The transaction, which will see Alcatel shareholders have the lion's share of the new company, stands to create a world leader in its sector and comes amid a wave of consolidation in the telecoms industry.
The transatlantic deal had been partly complicated by Alcatel's plans to increase its stake in French defense electronics group Thales--a politically sensitive issue that has involved the German and French governments.
Alcatel said it would continue talks with Thales over possibly increasing its shareholding in the group. Alcatel now has a stake of around 9.5 percent in Thales, while the French government holds around 30 percent of Thales.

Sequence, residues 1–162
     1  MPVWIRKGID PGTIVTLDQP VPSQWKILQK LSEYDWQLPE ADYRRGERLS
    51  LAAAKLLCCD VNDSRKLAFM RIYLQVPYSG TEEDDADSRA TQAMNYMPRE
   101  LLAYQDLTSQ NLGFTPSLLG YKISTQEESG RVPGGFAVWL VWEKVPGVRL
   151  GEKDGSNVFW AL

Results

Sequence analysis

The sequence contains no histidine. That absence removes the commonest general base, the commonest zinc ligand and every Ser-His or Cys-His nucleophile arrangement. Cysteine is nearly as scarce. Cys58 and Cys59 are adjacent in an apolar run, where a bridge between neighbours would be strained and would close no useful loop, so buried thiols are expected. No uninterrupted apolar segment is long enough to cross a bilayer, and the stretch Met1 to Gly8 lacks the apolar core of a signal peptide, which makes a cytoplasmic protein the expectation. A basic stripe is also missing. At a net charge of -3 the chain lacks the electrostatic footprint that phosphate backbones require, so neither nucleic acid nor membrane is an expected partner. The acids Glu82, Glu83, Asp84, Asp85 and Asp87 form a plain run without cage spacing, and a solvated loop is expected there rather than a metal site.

Alcatel and Lucent said the deal was a "merger of equals."
However, Alcatel shareholders will own around 60 percent of the new company, with Lucent shareholders owning the remaining 40 percent.
As part of the deal, Lucent shareholders will receive 0.1952 of an ADS (American Depositary Share) representing ordinary shares of Alcatel for every common share of Lucent that they currently hold.
Alcatel's Serge Tchuruk will be nonexecutive chairman of the new Paris-headquartered company, while Lucent's Patricia Russo will be chief executive.